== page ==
EU funds on peace and reconciliation and cross-border co-operation
projects, announced that the European Commission was currently
examining a proposal to grant Northern Ireland and the border
counties over £107m for peace programme projects.

Pat Colgan, chief executive of the SEUPB, said: "We welcome the
ongoing discussions in Brussels about securing the budget to fund
the Peace II extension as recommended by the Commission.

"Negotiations are ongoing and a final decision will be made towards
the end of the year. A successful decision will mean that we will
secure a substantial extension.

"It must be stressed that this represents new funding that
otherwise has not been earmarked for the programme and will be a
major boost to the ongoing promotion of peace and reconciliation


Republicans Can Join PSNI - Trimble

By Stephen Dempster Political Correspondent
Monday 8th November 2004

ULSTER Unionist leader David Trimble has revealed he has no problem
with Sinn Fein/IRA supporters joining the PSNI - as long as they
commit to peace, democracy and the status quo.

The MP has said republicans who have criminal convictions must
never be allowed into the police.

But he has effectively conceded that republicans - without criminal
records or pre-ceasefire terror involvement - could join the force,
by dropping their political activity and violent associations.

Sinn Fein remains opposed to the new policing arrangements and, as
last week's Independent Monitoring Commission report confirmed, the
IRA remains active.

Republicans are demanding, among other changes, that the PSNI be
"fully representative" of the community.

They also want the bar to people with terrorist convictions joining
District Policing Partnerships lifted.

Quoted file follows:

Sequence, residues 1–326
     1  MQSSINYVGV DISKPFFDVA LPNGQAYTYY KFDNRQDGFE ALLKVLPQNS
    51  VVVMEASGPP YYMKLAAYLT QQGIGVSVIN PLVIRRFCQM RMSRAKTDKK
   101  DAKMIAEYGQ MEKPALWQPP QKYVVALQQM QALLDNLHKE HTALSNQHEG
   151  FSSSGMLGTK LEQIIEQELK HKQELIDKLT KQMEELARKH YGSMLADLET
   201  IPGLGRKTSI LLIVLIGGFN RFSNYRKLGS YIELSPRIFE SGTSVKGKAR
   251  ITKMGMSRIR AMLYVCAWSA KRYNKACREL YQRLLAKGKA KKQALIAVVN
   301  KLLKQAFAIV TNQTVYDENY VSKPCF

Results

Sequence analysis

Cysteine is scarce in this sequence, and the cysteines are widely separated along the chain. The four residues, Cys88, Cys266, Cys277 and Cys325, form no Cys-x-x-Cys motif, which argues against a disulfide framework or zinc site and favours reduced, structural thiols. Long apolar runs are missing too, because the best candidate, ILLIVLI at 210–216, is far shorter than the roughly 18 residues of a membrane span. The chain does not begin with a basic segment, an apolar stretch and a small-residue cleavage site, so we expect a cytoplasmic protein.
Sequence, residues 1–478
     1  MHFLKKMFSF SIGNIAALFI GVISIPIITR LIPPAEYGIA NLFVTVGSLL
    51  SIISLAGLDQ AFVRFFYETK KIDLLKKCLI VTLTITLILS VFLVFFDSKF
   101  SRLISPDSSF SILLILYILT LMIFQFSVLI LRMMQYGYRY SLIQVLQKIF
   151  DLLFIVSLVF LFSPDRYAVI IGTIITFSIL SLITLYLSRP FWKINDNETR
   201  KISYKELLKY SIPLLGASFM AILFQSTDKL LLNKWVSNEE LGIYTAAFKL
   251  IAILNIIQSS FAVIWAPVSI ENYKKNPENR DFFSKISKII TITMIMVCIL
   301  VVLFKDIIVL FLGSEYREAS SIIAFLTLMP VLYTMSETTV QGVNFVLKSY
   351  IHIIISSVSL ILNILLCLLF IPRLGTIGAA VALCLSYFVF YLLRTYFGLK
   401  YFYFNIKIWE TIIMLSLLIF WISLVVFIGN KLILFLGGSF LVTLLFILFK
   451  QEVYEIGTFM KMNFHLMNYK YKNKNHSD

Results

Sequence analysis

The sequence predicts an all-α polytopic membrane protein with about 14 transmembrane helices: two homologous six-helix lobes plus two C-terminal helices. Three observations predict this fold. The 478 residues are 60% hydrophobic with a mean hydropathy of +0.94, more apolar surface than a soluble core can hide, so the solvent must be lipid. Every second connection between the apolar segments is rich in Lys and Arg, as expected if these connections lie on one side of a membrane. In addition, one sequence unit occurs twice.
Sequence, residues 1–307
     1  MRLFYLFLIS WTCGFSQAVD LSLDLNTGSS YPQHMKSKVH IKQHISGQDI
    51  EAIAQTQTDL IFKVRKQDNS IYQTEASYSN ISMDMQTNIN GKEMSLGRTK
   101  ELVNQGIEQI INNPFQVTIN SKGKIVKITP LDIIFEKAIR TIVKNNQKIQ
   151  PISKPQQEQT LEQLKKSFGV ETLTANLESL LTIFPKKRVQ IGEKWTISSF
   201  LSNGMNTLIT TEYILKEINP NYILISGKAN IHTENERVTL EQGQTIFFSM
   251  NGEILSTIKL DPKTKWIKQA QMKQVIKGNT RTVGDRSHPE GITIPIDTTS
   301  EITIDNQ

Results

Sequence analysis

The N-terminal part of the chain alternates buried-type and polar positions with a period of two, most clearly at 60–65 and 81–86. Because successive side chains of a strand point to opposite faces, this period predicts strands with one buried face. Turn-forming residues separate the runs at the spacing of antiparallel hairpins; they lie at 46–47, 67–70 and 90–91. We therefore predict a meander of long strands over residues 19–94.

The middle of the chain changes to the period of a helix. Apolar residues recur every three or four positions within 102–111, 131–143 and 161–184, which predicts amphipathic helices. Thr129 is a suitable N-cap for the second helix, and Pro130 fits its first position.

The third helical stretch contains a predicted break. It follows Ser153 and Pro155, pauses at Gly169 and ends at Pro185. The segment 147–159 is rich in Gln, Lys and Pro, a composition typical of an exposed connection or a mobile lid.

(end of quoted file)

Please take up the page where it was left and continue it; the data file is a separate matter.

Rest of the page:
Mr Trimble has been pressed on the thorny issue of republicans and
policing in a new book, David Trimble: The Price of Peace, by Irish
Times journalist Frank Millar, who said that winning support from
republicans for the PSNI will require "new thinking".

The author added that this may include a "realistic response" to
Sinn Fein's insistence that community policing must mean policing
of republican areas by a police service recognisable as coming from
those communities.

To Sinn Fein this will mean republicans in the force, Millar said.

Mr Trimble disagreed with such a definition of

He believes representation means a balance of Protestant and Roman
Catholics to produce a force which both sides of the community are
comfortable with.

Mr Trimble said: "I see it as being a single force operating in
Northern Ireland, enforcing the same law everywhere in Northern

"That means that when people approach a policeman in the street
there will be a fair chance they're approaching a Catholic.

"But it's not a Catholic force for Catholic regions. That's
certainly not what I had in mind," he said.

Millar said to Mr Trimble, however, "if you were a republican," the
PSNI would have to have republicans in it.

Mr Trimble said: "If republicans have given up violence, and are
going to pursue a united Ireland but do so lawfully, which means
respecting the status quo until the status quo changes, then I